On the side of the grill with the burner turned off, set a drip pan the size of the bird (a disposable aluminum foil turkey pan works well) under the rack where the bird will be sitting. Set the bird, breast down, on the rack, over the drip pan - I don’t tie the wings or legs, as I want them to cook well and to absorb the smoke flavor. (If you prefer the turkey to be extra-lovely looking, you could set it breast side up on the rack, but the breast is incredibly juicy if it’s cooked breast down.)
The grill book I mentioned above says that you could also add a container of water to keep the smoking moist, but I haven't ever found that necessary.
Smoked turkey is the centerpiece to build a meal around
Close the grill lid and wait for that perfect smoked turkey
Close the grill lid.
I use a turkey that’s about 15lbs. For that size, it takes, maximum, 4 hours. I only check the bird once. Until you know how your grill works for this, you could check more often, but every time you check it, the smoke is released and everything has to heat up again. I check the bird to use a bulb baster to baste it with the drippings, to see how it’s doing and to make sure there are plenty of wood chips still in the tin. Yes, I only baste it once, about half way through the cooking time. You could do that as many times as you want, but, again, it will need to heat up again every time the lid is opened.
I test the turkey by the meat thermometer – it should be 165 degrees when it’s inserted in the breast meat, but not touching bone – but you could also grip the end of the drumstick and twist it a little to see if the bone rotates easily away from the meat. Be sure to use a potholder.
After the turkey is done, set it aside on a platter to rest. Remove the pan of drippings from the grill. Depending on the turkey, you may need to separate the extra fat from the drippings. If you plan to serve the turkey as cold meat and have grilled it long before your dinner, you could put the drippings in the refrigerator, and later remove the fat that’s risen to the top and solidified.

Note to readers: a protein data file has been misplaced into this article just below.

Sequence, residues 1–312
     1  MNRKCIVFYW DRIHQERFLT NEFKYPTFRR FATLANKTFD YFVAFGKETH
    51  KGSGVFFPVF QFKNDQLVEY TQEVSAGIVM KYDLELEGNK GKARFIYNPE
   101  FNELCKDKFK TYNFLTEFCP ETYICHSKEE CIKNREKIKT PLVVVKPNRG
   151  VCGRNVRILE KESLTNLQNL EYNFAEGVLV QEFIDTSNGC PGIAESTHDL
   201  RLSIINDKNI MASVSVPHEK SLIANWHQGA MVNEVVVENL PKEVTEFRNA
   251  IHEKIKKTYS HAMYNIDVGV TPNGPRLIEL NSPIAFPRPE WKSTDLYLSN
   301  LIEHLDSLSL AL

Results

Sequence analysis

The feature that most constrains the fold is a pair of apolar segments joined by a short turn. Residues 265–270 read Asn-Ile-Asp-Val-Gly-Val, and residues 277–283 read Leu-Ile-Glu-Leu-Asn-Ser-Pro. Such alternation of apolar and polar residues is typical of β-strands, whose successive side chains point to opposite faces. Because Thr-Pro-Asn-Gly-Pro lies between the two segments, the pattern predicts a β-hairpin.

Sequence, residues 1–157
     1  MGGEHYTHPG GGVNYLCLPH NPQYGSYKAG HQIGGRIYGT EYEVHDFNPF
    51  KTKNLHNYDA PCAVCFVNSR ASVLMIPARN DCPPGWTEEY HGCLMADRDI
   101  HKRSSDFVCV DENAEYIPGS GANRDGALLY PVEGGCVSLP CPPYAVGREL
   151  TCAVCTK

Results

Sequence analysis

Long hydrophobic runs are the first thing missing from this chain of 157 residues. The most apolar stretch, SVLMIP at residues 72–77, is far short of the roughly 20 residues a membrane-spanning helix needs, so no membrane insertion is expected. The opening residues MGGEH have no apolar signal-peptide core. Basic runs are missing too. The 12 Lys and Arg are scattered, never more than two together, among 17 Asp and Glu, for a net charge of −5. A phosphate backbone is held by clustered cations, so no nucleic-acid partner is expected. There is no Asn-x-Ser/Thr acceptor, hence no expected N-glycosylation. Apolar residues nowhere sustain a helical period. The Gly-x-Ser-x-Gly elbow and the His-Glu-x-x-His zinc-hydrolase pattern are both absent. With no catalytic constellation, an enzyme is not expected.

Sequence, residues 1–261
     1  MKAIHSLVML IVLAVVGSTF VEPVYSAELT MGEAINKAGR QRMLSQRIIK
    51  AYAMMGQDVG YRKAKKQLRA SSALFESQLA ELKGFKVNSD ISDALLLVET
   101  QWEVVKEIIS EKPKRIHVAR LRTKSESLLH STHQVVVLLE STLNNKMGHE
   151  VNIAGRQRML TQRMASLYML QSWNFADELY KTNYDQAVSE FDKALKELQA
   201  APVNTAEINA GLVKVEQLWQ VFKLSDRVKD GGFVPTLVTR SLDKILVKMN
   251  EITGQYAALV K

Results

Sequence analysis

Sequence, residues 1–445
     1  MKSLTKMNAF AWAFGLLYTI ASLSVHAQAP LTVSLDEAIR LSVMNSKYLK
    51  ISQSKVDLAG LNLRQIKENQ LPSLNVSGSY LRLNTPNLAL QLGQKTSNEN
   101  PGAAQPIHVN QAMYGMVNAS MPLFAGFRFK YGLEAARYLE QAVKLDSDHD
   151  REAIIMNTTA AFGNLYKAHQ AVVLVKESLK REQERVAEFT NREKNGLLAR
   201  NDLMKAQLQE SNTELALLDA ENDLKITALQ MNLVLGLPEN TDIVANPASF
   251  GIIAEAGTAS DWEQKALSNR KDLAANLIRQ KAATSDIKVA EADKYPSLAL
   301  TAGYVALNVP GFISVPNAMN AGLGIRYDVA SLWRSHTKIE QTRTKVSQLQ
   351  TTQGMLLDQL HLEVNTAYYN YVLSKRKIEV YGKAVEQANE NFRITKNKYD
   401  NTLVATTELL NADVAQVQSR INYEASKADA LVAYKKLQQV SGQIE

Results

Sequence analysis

However, most of the time, the turkey will probably be served warm. If that’s the case, you can use a fat separator, which means you need enough time for the fat to rise to the top, but at room temperature. Then it can be drained off. I use a fat separator cup for this purpose, and really like it. The drippings are perfect for thickening in any way you choose. I normally use cornstarch or arrowroot dissolved in cold water, as it adds the least extra taste to the already wonderful drippings. Don’t add any seasoning to the drippings until you have tasted them, because they are already thoroughly seasoned by the brine and smoked turkey juices.
I hope you enjoy this easy and tasty turkey, and I’d love to hear how you liked it!
If you read through this and find any of my turkey instructions hazy, please feel free to contact me via email, and I’ll make them (hopefully) more understandable.
Oh, by-the-way, this recipe is easy enough (and during Thanksgiving and Christmas season, Turkey is cheap enough) to test your grill technique by cooking a turkey before the big day. You can easily freeze the smoked turkey meat and have it ready for another holiday event as a snack or cold meat. I've also used this recipe, with less cooking time, to grill and lightly smoke three or four chickens at a time.
How do you use the grill?
If you haven't smoked a turkey on the grill, do you think you'd try it now?
Please remember to support the writing that you like
If you vote up or vote down an author's writing, you will show the people who follow you what you feel the quality of the writing is. Please support writers by voting up their work.